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The term grazing rights refers to a rancher’s ability to allow livestock to feed on an area of land they do not own. During the early settlement of the United States, the idea of open grazing was not an issue because of the extensive amount of available land. Rising populations, increased land ownership, and deterioration of the ecosystems resulted in federal legislation of grazing rights in the United States. Similar issues make grazing rights a problematic topic in countries around the world.
Shared grazing land is just one example of a "common-pool resource," frequently referred to as the "commons." The idea of a common grazing area for livestock originated in England, where it is still employed today. However, because the resource is shared, the temptation to exploit the common area is always high.
For example, consider an area of land shared by five ranchers, each of whom has three heads of cattle. The land the ranchers are sharing, the commons, can easily support fifteen animals grazing every day. Eventually one of the ranchers will want to add animals to his herd. When this happens, the other rancher’s cattle have slightly less grazing area. However, the other ranchers do not share in the wealth of owning the additional heads of cattle. They only share the in the reduction of the commons.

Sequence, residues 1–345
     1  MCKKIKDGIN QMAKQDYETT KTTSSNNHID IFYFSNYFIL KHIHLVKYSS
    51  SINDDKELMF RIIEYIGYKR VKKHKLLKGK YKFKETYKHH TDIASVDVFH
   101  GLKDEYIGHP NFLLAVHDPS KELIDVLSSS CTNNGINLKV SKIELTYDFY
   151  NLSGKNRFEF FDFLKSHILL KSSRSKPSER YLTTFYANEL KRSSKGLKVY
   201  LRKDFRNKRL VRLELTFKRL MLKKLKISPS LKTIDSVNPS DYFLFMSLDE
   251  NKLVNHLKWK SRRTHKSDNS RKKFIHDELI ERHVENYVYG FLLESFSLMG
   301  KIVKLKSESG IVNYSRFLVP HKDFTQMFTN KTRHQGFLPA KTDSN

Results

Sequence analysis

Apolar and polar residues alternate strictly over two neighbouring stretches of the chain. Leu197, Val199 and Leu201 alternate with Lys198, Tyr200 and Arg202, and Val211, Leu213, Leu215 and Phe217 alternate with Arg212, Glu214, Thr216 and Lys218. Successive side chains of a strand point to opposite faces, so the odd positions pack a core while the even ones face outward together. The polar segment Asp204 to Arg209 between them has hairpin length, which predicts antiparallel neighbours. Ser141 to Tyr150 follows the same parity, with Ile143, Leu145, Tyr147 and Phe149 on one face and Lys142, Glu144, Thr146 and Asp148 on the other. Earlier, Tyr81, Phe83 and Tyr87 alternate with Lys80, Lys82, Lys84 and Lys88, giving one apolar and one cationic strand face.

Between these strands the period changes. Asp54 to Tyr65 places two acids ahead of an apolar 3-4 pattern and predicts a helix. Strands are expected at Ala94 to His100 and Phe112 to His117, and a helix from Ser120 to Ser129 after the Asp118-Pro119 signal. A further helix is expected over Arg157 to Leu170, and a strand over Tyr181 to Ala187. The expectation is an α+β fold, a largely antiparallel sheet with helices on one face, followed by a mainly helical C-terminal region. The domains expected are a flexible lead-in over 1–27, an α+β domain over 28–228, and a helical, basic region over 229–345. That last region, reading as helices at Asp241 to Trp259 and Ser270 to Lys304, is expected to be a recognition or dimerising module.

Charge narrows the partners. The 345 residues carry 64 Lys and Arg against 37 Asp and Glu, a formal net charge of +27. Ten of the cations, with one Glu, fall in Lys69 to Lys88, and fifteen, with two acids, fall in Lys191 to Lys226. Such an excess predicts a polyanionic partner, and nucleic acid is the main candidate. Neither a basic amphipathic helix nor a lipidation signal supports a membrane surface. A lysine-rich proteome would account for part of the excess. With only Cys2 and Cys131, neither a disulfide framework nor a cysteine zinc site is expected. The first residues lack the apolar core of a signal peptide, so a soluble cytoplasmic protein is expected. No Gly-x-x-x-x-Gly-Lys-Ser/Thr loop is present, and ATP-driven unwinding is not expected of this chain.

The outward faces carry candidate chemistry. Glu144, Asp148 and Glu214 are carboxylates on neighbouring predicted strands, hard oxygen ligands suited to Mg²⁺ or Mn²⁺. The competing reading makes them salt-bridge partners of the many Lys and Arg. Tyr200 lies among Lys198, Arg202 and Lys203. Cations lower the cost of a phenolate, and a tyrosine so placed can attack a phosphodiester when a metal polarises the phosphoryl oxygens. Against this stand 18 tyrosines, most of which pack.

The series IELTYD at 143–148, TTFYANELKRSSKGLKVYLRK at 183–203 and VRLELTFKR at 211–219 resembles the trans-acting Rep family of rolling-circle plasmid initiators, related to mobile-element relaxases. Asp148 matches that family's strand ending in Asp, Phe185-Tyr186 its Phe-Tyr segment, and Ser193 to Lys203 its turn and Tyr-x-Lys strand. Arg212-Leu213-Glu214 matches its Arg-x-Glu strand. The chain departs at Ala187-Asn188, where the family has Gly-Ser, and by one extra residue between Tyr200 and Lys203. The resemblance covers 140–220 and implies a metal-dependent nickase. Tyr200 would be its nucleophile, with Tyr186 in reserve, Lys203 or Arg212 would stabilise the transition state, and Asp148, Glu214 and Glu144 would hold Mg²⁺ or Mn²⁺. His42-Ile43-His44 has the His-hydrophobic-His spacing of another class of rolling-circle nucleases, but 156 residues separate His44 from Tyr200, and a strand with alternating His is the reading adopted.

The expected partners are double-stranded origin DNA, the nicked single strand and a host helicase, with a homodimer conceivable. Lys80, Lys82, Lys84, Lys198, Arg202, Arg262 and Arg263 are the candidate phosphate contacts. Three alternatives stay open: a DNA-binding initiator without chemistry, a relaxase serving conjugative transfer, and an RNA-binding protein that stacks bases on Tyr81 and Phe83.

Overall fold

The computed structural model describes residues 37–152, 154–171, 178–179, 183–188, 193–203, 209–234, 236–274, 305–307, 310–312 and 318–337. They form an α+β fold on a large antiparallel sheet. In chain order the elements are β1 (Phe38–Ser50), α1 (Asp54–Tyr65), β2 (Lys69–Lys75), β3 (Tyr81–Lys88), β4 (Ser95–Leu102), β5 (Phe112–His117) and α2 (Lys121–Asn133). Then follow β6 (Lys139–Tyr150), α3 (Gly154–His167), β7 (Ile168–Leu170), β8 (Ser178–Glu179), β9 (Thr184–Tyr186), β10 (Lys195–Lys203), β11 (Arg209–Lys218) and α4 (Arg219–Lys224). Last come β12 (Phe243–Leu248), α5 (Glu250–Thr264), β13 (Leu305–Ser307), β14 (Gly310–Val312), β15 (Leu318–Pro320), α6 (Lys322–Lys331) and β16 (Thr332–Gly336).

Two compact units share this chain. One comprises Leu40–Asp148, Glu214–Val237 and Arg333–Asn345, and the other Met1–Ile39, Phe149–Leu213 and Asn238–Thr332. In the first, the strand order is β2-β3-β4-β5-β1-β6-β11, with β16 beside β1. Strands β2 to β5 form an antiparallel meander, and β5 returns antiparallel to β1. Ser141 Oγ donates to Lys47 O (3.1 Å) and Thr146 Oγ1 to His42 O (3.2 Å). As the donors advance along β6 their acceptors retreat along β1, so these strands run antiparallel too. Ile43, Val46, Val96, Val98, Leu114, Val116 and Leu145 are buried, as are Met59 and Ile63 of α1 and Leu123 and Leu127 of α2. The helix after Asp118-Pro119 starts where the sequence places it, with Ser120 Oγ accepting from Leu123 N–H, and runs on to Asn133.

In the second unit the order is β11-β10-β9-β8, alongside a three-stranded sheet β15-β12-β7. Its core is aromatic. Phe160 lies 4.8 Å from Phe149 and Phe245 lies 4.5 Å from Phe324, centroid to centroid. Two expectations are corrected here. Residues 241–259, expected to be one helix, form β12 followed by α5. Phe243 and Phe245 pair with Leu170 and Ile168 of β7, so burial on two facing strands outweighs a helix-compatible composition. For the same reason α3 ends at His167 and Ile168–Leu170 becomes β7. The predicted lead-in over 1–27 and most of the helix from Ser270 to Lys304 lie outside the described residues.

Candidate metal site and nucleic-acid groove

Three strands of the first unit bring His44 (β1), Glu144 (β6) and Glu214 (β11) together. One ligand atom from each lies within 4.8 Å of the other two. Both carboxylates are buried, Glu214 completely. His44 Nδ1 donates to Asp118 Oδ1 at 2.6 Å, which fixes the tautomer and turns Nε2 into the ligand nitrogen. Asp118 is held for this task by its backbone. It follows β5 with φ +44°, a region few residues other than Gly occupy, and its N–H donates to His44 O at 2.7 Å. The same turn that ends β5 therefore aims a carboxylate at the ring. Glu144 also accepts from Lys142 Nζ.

Soon the ranchers realize the person who owns the most animals will benefit the most. As more animals are added to the commons, the land’s ability to regenerate is severely affected until it is eventually unable to support any livestock. This is known as a tragedy of the commons, a term first used by a biologist named Garrett Hardin in 1968.
In the United States, overgrazing became a major problem when cattle were placed on lands previously dominated by the American buffalo, or bison. The Taylor Grazing Act of 1934, signed by President Roosevelt, was intended to prevent further injury to the ecosystem. Approximately 65 million acres (about 263,000 square kilometers) were covered by the Taylor Grazing Act, and the idea of grazing rights was introduced in the US.
A key feature of the Taylor Grazing Act allowed federally identified grazing lands to be leased to ranchers for a specified period of time. However, some critics claim the U.S. Bureau of Land Management (BLM) and the Forest Service have mismanaged these areas. Critics point out that as of 2009 these areas are only producing 50% of the forage plants they produced prior to the 1800s. Some also cite the low cost of leasing lands for grazing as part of the problem — $1.35 US Dollars (USD) per animal unit per month in 2009.
Environmental groups in the US have now begun leasing large tracts of federally protected grazing areas. However, instead of opening the land for grazing rights, they prevent it and allow the land to "rest." Environmental groups claim that allowing these areas to recover fulfills the intended purpose of the Taylor Grazing Act — preventing erosion, fires, soil degradation, and the ongoing desertification of the western part of the United States. The practice has proven highly effective in Arizona and several other US states.
Grazing rights have never been legally established in the United States. The Taylor Grazing Act established procedures for issuing grazing permits, not grazing rights.
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